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Publication Detail
Pleistocene and Holocene palaeoclimates in the Gebel Akhdar (Libya) estimated using herbivore tooth enamel oxygen isotope compositions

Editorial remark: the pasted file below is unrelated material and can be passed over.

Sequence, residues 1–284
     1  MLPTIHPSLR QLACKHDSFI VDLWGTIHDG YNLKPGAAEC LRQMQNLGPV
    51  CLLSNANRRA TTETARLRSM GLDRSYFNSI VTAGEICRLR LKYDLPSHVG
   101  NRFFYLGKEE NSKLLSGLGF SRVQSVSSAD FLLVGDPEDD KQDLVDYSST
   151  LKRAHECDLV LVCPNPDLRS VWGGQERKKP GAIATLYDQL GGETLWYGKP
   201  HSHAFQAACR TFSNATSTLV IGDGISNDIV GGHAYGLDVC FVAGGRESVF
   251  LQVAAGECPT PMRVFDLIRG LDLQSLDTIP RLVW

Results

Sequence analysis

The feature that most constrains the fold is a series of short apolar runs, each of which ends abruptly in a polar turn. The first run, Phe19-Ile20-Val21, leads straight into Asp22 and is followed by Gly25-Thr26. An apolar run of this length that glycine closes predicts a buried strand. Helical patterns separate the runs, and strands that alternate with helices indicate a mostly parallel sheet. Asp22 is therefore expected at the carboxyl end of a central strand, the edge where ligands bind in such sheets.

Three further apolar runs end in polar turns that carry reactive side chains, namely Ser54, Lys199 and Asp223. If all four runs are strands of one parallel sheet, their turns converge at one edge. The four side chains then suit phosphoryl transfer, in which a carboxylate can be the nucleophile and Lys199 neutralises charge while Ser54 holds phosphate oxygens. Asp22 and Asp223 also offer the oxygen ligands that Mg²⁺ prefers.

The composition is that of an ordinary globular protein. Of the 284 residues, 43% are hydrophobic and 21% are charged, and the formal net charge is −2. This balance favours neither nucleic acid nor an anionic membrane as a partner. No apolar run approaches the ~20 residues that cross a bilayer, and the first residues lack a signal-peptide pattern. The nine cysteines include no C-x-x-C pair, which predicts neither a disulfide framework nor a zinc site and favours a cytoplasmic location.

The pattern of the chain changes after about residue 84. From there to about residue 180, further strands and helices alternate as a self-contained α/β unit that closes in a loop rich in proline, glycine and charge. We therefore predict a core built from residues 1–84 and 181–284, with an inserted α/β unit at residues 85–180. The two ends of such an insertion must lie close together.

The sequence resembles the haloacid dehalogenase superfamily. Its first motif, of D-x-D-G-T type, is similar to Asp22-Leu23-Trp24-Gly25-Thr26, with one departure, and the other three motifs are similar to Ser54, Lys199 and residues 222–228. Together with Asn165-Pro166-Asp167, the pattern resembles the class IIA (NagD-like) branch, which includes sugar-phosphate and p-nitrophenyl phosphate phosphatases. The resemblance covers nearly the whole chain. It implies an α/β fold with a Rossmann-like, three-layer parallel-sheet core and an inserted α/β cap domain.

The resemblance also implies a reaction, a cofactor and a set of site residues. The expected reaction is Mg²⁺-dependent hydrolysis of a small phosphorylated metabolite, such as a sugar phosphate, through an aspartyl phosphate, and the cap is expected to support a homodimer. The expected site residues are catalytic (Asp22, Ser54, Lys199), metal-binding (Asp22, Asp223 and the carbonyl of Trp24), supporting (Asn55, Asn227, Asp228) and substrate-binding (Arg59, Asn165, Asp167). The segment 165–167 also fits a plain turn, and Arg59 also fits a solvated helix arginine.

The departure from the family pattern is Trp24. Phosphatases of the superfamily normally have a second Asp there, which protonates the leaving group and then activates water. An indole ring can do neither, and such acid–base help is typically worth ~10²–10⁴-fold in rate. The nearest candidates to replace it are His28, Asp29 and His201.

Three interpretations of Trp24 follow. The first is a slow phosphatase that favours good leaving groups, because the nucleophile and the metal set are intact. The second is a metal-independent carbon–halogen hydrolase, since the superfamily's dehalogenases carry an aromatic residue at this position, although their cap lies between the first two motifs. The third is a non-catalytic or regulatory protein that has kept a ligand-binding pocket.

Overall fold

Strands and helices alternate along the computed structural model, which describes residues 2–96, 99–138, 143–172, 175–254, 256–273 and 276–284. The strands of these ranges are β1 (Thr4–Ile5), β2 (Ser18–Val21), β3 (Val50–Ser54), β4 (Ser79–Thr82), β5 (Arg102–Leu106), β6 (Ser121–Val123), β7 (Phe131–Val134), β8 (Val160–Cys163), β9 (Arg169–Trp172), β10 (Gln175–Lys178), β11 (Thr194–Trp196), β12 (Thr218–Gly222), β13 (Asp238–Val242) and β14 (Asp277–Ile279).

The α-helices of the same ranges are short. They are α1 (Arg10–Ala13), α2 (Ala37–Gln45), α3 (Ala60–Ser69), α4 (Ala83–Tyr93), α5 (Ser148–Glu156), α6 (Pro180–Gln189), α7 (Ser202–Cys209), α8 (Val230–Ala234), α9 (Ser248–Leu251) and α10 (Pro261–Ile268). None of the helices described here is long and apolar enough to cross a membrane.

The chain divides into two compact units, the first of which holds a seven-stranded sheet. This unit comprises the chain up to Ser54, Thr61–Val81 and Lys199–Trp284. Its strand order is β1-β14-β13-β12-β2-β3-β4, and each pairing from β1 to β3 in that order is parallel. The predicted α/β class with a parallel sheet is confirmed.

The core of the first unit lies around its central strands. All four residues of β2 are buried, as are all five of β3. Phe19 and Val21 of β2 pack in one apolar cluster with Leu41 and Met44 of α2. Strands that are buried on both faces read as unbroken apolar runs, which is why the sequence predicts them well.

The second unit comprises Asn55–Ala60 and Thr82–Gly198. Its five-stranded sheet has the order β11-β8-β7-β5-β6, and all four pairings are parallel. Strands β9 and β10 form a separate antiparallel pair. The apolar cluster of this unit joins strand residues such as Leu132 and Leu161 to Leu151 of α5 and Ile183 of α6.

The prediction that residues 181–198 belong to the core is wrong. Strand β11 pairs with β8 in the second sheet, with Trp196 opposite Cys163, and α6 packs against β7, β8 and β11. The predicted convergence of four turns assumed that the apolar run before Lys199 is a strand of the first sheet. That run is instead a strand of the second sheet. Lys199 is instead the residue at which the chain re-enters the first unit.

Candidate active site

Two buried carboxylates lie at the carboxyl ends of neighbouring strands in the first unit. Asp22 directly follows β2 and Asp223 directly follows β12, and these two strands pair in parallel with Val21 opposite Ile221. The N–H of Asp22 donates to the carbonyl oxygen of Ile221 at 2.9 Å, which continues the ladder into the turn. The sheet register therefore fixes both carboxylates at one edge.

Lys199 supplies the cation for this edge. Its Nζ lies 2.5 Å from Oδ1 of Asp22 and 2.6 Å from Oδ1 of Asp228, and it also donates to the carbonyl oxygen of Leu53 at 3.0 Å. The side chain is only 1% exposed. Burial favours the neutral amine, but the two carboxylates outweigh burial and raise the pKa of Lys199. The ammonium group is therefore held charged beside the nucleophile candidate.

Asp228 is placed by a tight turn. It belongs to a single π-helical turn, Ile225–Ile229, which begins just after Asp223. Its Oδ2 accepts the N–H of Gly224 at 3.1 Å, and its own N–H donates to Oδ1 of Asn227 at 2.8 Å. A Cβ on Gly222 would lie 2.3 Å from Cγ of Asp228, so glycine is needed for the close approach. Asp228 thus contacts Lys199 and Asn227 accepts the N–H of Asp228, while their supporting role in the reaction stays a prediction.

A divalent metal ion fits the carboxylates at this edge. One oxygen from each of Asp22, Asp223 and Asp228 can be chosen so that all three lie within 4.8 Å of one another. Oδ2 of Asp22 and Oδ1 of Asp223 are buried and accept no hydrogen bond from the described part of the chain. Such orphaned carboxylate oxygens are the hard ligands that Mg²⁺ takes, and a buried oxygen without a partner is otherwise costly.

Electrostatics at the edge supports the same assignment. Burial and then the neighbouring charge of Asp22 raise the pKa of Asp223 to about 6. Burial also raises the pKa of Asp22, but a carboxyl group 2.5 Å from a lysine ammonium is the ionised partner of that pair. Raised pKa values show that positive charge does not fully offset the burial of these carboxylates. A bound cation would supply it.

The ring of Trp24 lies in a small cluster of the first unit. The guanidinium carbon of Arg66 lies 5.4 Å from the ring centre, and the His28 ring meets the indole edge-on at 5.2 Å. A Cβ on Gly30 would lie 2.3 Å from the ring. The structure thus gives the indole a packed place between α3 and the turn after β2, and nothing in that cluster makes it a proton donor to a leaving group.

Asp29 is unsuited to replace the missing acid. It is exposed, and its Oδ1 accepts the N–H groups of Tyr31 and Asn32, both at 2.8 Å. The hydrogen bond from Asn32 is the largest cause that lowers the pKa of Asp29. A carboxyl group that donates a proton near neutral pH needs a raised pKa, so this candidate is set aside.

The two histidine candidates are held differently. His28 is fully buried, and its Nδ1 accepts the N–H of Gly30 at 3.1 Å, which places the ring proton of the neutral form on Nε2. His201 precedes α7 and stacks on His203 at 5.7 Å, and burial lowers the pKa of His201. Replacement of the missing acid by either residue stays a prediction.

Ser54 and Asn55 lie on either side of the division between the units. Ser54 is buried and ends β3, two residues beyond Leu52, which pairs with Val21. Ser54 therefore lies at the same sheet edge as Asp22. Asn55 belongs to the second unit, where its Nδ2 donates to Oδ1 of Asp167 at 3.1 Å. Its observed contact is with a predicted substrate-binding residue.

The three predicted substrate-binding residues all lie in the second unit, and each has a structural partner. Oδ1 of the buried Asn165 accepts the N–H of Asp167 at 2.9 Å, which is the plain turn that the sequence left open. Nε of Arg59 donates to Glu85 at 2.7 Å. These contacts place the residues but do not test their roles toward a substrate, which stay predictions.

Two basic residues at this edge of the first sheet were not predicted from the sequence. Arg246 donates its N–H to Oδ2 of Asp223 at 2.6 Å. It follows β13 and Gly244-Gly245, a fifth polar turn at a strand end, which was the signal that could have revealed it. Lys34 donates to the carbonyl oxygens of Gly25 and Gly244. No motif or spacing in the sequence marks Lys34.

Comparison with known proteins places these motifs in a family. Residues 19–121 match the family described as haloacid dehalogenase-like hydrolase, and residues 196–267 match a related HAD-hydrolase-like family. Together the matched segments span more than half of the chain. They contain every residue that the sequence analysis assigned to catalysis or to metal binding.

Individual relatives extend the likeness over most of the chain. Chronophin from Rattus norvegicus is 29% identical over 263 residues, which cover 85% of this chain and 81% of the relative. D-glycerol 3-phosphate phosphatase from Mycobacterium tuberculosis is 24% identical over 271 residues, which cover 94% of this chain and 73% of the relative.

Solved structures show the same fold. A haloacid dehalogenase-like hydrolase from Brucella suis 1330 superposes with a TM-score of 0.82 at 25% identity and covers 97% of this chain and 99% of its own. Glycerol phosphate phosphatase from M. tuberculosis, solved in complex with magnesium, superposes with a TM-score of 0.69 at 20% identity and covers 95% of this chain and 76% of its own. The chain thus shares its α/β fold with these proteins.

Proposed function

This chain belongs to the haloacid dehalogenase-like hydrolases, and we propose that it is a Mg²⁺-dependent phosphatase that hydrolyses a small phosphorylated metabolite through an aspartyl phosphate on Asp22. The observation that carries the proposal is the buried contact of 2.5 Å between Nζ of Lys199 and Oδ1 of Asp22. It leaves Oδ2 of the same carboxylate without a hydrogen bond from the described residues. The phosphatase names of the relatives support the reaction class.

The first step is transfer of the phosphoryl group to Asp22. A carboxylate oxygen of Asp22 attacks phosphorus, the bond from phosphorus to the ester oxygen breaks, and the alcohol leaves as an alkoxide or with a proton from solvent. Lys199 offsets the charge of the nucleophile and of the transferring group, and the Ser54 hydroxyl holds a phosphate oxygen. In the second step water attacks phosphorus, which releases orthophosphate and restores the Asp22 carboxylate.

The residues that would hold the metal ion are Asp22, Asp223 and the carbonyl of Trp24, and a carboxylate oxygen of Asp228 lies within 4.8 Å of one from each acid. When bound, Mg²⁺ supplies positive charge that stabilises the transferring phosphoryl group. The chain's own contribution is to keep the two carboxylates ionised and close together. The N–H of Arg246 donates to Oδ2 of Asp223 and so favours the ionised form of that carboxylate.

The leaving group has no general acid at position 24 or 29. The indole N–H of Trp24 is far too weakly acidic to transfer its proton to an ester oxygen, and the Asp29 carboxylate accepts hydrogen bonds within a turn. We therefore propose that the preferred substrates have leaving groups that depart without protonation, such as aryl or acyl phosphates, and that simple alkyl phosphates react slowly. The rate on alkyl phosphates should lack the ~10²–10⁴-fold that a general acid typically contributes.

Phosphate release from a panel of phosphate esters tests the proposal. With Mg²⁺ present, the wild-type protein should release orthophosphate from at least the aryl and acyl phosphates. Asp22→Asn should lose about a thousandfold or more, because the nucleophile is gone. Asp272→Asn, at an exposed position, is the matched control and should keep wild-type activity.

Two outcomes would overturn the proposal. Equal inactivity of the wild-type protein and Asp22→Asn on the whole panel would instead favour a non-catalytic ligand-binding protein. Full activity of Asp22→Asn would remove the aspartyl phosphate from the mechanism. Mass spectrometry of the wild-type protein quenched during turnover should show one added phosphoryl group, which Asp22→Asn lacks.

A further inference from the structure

© 2015 Elsevier Ltd and INQUA.The palaeoclimate of the Gebel Akhdar massif, in Cyrenaica, northeast Libya, is investigated using the stable oxygen isotope ratio (δ18O) of herbivore tooth enamel from the archaeological faunal assemblages of the Haua Fteah and Hagfet ed Dabba caves. Samples accumulated through human activity at the sites, thus climatic interpretations are in direct chronological association with periods of human presence in the local landscape. Wild Ammotragus lervia (Barbary sheep) and Bos sp. (auroch), and domestic Ovis sp. and Capra sp. from the Levalloiso-Mousterian (≥73.3-43.5 ka) to the Neolithic (~9.3-5.4 ka) cultural phases are analysed. Results indicate that the most arid environment represented by the samples occurred at ~32 ka, when populations associated with Dabban lithic assemblages were present within the region. Climatic instability increased during oxygen isotope stage 2. Consistent with other palaeoenvironmental investigations in the Gebel Akhdar, there is no evidence for hyper-arid events during the last glacial and surface water, most probably in the form of local springs, was available throughout the time periods considered. Overall, results indicate that different cultural groups occupied the Gebel Akhdar landscape under different climatic conditions, but that climate variations appear to have been of lower magnitude than those that occurred at inland North African locations. These reconstructions provide further support to the theory that the Gebel Akhdar may have served as a refugium for human populations in North Africa during times of global climatic extremes.
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